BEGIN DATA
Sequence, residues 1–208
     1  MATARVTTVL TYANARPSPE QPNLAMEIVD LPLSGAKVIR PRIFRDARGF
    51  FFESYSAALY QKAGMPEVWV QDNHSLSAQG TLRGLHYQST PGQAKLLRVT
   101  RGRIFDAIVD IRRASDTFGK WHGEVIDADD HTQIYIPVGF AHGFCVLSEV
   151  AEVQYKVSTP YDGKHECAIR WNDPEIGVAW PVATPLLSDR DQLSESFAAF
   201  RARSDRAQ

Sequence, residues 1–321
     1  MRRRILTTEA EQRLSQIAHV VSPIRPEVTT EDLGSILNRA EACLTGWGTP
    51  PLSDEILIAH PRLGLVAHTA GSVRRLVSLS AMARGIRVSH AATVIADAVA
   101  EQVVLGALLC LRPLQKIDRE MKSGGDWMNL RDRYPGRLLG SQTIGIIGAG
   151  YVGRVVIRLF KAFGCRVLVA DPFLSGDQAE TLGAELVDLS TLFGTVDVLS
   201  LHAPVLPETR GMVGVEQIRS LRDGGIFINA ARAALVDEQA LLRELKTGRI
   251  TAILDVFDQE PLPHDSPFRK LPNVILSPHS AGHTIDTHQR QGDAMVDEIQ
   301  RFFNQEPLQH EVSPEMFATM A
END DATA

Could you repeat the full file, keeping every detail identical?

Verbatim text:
Sequence, residues 1–208
     1  MATARVTTVL TYANARPSPE QPNLAMEIVD LPLSGAKVIR PRIFRDARGF
    51  FFESYSAALY QKAGMPEVWV QDNHSLSAQG TLRGLHYQST PGQAKLLRVT
   101  RGRIFDAIVD IRRASDTFGK WHGEVIDADD HTQIYIPVGF AHGFCVLSEV
   151  AEVQYKVSTP YDGKHECAIR WNDPEIGVAW PVATPLLSDR DQLSESFAAF
   201  RARSDRAQ

Sequence, residues 1–321
     1  MRRRILTTEA EQRLSQIAHV VSPIRPEVTT EDLGSILNRA EACLTGWGTP
    51  PLSDEILIAH PRLGLVAHTA GSVRRLVSLS AMARGIRVSH AATVIADAVA
   101  EQVVLGALLC LRPLQKIDRE MKSGGDWMNL RDRYPGRLLG SQTIGIIGAG
   151  YVGRVVIRLF KAFGCRVLVA DPFLSGDQAE TLGAELVDLS TLFGTVDVLS
   201  LHAPVLPETR GMVGVEQIRS LRDGGIFINA ARAALVDEQA LLRELKTGRI
   251  TAILDVFDQE PLPHDSPFRK LPNVILSPHS AGHTIDTHQR QGDAMVDEIQ
   301  RFFNQEPLQH EVSPEMFATM A